President Eli Capilouto opened the day with remarks about the importance of diabetes research at UK, given the prevalence of the disease in the region and the fact that diabetes is one of the leading causes of death and disability in the United States.
Dr. Philip Kern, director of the UK’s Center for Clinical and Translational Sciences (CCTS), introduced Dr. John Fowlkes who succeeds Kern as director of the Barnstable Brown Diabetes and Obesity Center.
“Inspiration for this annual symposium, which is now in its 5th year, grew out of desire to focus on diabetes and obesity-related work performed by complementary research centers and departments within UK’s College of Medicine,” said Fowlkes, the center’s new director. “The event is dedicated to highlighting the most up-to-date regional research, and is complemented by guest speakers who provide cutting edge presentations about the relationship between obesity and diabetes.”
Invited speakers for the 2015 Research Day were Dr. Sudha Biddinger, of Boston Children’s Hospital, Harvard Medical School; Dr. Steven Kahn, director of the Diabetes Research Center at the University of Washington, Seattle; and Dr. Elif Oral, associate professor in the Division of Metabolism, Endocrinology and Diabetes at the University of Michigan.
Dr. Biddinger’s work concentrates on signaling pathways and mechanisms underlying the development of dyslipidemia, atherosclerosis and fatty liver disease in the insulin resistant states of obesity and diabetes. Dr. Khan has an extensive basic research program examining the role of islet amyloid in the loss of ß-cells in type 2 diabetes.
Dr. Oral’s clinical interests are in insulin resistance, obesity, lipid disorders, and diabetes with a focus on the importance of adipocytes in human metabolism and adipocyte hormones such as leptin.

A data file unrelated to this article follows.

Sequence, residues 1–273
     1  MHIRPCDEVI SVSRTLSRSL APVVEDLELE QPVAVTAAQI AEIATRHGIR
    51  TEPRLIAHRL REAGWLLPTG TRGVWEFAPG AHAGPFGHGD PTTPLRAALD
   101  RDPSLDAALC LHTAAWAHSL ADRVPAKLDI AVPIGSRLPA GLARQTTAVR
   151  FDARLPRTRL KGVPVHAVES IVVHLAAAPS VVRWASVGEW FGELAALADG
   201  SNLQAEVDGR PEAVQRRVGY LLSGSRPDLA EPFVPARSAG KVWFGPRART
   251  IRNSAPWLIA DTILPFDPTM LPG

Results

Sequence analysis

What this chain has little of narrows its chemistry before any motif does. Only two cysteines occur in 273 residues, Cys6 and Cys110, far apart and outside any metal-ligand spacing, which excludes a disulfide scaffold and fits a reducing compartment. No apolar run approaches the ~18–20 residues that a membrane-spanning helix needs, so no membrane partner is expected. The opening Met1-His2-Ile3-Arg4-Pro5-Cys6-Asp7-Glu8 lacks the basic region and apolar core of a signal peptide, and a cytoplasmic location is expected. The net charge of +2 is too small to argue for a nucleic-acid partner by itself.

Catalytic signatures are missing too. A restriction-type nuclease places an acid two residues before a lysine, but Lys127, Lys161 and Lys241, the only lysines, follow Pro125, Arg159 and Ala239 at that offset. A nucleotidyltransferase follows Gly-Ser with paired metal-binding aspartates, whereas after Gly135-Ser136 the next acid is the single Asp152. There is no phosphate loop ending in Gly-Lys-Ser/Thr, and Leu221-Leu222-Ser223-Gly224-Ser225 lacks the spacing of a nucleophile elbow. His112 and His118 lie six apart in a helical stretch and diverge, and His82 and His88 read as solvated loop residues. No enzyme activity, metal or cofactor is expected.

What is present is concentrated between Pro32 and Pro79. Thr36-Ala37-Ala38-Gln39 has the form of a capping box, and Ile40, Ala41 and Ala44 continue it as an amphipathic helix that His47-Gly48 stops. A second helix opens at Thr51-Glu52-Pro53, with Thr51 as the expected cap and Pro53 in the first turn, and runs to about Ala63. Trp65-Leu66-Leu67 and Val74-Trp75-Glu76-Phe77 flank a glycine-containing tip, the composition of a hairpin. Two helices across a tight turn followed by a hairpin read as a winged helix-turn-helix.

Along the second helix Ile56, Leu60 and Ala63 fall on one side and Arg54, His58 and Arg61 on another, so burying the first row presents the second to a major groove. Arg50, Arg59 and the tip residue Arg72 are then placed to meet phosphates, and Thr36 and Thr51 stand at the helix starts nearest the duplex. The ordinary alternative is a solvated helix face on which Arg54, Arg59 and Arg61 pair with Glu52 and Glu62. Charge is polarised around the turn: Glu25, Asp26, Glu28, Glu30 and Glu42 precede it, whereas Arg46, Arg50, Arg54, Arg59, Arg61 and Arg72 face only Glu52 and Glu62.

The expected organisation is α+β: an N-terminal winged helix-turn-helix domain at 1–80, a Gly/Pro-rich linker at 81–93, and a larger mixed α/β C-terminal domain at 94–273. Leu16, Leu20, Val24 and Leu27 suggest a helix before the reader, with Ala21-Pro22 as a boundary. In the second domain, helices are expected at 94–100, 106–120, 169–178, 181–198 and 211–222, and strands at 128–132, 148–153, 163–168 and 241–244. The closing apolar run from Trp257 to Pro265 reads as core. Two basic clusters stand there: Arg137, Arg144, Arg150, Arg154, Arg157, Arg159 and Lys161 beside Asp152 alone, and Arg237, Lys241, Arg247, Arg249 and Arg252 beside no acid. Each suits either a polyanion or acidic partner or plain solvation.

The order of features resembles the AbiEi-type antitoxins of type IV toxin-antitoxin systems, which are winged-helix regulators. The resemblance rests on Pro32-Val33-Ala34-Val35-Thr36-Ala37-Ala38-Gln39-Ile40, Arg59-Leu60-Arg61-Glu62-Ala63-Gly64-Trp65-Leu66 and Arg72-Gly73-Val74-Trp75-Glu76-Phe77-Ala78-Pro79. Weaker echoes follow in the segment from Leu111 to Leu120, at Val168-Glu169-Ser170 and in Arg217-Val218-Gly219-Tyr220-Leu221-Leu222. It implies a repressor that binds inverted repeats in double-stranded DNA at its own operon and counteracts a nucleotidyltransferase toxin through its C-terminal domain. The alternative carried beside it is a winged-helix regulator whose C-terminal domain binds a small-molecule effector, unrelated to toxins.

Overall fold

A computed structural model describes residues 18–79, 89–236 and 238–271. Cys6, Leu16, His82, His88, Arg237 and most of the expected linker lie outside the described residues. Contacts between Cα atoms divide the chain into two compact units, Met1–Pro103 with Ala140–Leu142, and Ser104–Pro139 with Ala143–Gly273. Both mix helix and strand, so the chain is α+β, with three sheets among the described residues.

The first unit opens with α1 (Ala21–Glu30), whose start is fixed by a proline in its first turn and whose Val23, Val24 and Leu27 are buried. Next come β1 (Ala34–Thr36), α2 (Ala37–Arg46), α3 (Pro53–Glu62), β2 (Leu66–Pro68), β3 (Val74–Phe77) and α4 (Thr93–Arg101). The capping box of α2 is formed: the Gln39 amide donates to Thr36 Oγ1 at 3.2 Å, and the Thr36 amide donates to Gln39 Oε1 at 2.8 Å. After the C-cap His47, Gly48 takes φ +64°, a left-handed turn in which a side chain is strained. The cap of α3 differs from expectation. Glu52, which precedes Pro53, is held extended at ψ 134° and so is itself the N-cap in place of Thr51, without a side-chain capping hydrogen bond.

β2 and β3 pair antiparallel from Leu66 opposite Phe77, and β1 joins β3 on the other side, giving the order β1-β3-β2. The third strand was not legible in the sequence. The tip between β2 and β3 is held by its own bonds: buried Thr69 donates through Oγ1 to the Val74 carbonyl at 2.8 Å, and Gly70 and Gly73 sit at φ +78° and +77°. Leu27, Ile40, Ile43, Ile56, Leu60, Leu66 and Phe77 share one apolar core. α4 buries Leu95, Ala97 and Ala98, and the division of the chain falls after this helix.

The program included a panel discussion on the topic of diabetes and obesity in the community at large with emphasis on resources for research at UK. Panelists were Dr. Kenneth S. Campbell, associate professor and director of the Biospecimens Core, CCTS Biobank; Dr. Jeffery Talbert, professor and director of the Institute for Pharmaceutical Outcomes and Policy, Informatics; Dr. Fran Feltner, director of the Center of Excellence in Rural Health, the Kentucky Homeplace; and Dr. Cherry Kay Smith, assistant director of the Family and Consumer Sciences Field Programs, Cooperative Extension.
The afternoon poster session provided an opportunity for investigators to present their research on mechanisms linking the epidemic of diabetes to obesity and the high incidence of cardiovascular disease.
At the awards ceremony following the symposium, Kern was awarded the 2015 Frederick and Maria Celia de Beer Award for his accomplishments in research involving obesity, diabetes and excellence in education and teaching in this area.
The following also received awards for outstanding scientific research presented in their posters: